The past year and a half has been a real whirlwind when I look back on it. I went from making a decision to focus solely on my own work in the latter half of 2016 and haven't looked back since. That's not to say that I haven't questioned myself. Anyone who knows me would tell you that questioning myself is probably what I'm best at.
Over this time I have been sending work off to be judged and juried by countless people. I have had the great fortune of having work selected, and of course, more often than not, rejected. You take the good with the bad, forget about the bad, and keep trudging forward. Through all of this, though, I have had some wonderful opportunities that never would have happened had I not decided to throw caution to the wind and put myself out there. If you are an artist of any medium reading this and haven't done so, I highly advise you start putting your work out there for a larger audience to see, critique, and question. It can be nerve wracking and painful at times, but in the end it is far more rewarding than asking yourself down the line, "what if?" Listen to those around you when they give you encouragement, even if you don't believe it. As one peer said to me when I questioned the validity of my own work, "You've been looking at it too long." Don't let your own notions hold you back, we are our own worst critic.
I mention all of this because I still have these lingering feelings and self criticisms that are hard to shake. I'm far more confident about my work and the direction I'm headed, but getting used to this being "what I do" has taken time. I'm a lot more reserved than some of the people who know me might think, and as much as I desire to talk about my work, I sometimes have a hard time mustering the forwardness to bring attention to myself. That probably seems odd as you read this since this is exactly what tend to do in this blog; however, you the reader are not sitting in the room with me either.
The mix of confidence and questioning, though, has brought me to a point that I didn't think I would be a year ago. Not only am I going to another opening where I'll try not to hide myself, but I'm traveling. I've done this twice before and found a lot of reward in it, beyond the traveling itself. Last year I went to both Portland, Oregon, and Zebulon, Georgia, for shows in which I had work. Outside of a good excuse to go somewhere new and/or fun, traveling to these places solo can be a good exercise in breaking through one's shell and establishing a confidence you didn't know you had.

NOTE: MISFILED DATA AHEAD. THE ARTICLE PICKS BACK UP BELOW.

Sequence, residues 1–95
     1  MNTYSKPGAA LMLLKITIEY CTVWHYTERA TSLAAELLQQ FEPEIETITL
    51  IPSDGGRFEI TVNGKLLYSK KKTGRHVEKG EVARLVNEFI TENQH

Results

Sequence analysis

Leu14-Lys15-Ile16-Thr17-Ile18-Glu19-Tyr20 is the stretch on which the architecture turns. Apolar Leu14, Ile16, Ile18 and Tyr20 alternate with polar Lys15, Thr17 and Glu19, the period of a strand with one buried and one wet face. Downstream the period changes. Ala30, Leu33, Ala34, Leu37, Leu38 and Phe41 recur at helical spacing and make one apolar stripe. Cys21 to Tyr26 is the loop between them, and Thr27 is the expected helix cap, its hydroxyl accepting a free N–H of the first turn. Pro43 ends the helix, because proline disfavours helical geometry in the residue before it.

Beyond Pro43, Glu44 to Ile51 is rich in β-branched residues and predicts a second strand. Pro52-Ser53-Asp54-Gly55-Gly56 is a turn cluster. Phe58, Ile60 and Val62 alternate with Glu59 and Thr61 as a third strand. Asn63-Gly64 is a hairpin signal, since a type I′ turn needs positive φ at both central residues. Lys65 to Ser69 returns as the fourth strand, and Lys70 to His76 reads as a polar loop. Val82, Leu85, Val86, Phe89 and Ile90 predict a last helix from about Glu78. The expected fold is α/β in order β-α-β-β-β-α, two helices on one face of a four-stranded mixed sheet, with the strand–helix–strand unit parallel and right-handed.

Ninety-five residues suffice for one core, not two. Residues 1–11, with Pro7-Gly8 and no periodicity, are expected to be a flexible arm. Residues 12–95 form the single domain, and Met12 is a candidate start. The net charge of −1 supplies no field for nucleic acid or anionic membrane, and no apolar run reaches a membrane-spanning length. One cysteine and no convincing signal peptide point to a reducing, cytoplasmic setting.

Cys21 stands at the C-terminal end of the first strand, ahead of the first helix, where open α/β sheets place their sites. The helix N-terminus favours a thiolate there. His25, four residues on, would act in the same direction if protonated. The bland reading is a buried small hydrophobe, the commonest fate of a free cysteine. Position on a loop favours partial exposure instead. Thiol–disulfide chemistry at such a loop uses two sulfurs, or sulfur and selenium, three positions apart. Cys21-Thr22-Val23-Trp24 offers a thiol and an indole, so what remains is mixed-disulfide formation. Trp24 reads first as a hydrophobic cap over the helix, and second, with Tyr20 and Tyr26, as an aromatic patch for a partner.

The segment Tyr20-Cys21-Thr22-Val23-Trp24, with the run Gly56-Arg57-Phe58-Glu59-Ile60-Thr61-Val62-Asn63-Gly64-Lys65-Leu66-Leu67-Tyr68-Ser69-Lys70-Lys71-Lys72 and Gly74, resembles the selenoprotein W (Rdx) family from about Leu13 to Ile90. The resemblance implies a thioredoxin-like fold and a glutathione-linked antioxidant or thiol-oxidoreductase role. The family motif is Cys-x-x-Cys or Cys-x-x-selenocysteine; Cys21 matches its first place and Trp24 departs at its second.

What I found from both my trips last year was a fresh and new look at not only my own work, but that of others and how the two play off each other in similarities and differences. Talking to other artists who are outside of your bubble can give you perspective far beyond what you would get at home. I love the community of artists in my own area, but as I've told people before, and was told before by others, you need to get outside of that home sphere.
For the third time in a year I'm leaving my comfortable sphere of home and traveling because of my photography. Trust me when I say that comment still sounds a little foreign to me. What's new and different this time is that I'm going overseas, by myself, to a country that I have no knowledge of the official language, to be at an opening. I will be going to Budapest, Hungary at the end of March. I'm reading what I just typed and still it seems crazy, but good crazy. I'm sure I'll have more to say about this when I get back, and I'll definitely share about it come April, but I expect this to be as rewarding as the last two adventures (they are adventures).
If you have work in a gallery and it's outside of your town, even if its only two towns over, try and make it to the opening. As I mentioned previously, getting an outsider's perspective is something that is indispensable. Make an effort to talk to other artists, patrons of the gallery, and even gallery managers. You never know, you could make some great connections that will help you down the road. The worst that happens is you get to see somewhere new and have the knowledge that everyone there had the opportunity to see your work, people that never would have if you didn't put it out there to be seen.